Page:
Chapter 8              Spoken Discourse 

Chapter 9              Stylistics 

Chapter 10            Language Acquisition 

Chapter 11            Language Variation 

Chapter 12            American Dialects 

Chapter 13            History of English: Old to Early Modern English 

Chapter 14            History of English: Modern and Future English 





Detailed Table of Contents



Inside Front Cover Consonant Phonemes of English, Vowel Phonemes of English, Phonetic Alphabet for American English

Inside Back Cover Brief Timeline for the History of the English Language

List of Symbols, Linguistic Conventions, and Common Abbreviations  xviii

What’s New to This Edition                                      

Preface to Instructors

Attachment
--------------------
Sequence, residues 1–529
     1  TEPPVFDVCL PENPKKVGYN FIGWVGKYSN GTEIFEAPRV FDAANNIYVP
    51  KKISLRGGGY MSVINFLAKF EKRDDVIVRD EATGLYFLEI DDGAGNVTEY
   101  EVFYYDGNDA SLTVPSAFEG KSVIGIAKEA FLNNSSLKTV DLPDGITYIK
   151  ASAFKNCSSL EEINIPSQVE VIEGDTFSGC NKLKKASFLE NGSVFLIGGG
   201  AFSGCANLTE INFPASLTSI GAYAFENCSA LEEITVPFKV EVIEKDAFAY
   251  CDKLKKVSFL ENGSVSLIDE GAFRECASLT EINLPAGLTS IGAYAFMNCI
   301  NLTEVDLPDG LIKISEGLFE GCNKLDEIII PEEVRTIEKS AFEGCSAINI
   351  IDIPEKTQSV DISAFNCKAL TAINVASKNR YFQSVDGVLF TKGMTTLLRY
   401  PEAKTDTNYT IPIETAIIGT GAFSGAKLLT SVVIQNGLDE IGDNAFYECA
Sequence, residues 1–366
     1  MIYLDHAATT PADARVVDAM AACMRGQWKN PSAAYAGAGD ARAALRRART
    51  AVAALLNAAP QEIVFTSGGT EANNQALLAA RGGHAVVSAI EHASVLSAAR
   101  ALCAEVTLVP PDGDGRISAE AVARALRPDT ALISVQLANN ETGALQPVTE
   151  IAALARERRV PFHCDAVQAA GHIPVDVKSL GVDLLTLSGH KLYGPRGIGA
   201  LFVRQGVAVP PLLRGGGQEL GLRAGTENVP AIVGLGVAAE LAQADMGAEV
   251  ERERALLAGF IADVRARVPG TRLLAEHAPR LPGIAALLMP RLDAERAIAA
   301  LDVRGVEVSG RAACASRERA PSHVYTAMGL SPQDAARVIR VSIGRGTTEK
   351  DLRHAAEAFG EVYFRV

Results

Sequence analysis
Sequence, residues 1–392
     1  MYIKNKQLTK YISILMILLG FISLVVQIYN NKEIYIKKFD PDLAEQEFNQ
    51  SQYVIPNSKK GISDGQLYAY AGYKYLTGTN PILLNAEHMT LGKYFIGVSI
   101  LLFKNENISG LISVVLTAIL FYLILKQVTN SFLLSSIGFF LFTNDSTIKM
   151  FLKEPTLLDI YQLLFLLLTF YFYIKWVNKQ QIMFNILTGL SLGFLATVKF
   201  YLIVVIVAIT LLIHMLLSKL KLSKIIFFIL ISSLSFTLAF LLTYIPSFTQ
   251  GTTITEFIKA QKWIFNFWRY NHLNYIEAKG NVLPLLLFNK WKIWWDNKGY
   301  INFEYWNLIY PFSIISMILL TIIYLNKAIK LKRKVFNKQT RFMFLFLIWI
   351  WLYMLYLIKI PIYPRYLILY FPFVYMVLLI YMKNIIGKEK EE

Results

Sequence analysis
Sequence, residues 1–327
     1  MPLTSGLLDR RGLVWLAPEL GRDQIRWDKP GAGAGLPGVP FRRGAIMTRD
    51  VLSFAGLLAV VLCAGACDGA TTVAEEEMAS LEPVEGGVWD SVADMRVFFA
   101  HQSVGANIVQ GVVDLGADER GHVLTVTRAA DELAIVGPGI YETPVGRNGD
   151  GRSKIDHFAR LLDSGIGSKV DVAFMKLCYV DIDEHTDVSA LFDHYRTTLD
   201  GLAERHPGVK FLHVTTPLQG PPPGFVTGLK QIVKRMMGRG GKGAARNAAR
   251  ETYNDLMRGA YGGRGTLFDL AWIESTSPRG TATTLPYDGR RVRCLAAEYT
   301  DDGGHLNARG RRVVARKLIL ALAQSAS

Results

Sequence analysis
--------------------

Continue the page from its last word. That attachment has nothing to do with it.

Letter to Students          


Chapter 1    A Language Like English 

The Story of Aks 

Language, Language Everywhere 

The Power of Language 

Name Calling 

Judging by Ear 

A Question to Discuss: What Makes Us Hear an Accent?

The System of Language 

Arbitrariness and Systematicity 

A Scholar to Know: Ferdinand de Saussure (1857–1913) 




Human Language versus Animal Communication 

Birds and Bees 

Chimps and Bonobos 

Distinctive Characteristics of Human Language 

The Process of Language Change 

Language Genealogies 

A Question to Discuss: Can Your Language Peeves Be Rethought? 

Mechanics of Language Change 

Progress or Decay? 

Special Focus: Attitudes about Language Change 


Suggested Reading 



Chapter 2 Language and Authority 

Who Is in Control? 

Language Academies 

Language Mavens 

A Question to Discuss: Does the SAT Know Good Grammar from Bad? 

Defining Standard English

Descriptive versus Prescriptive Grammar Rules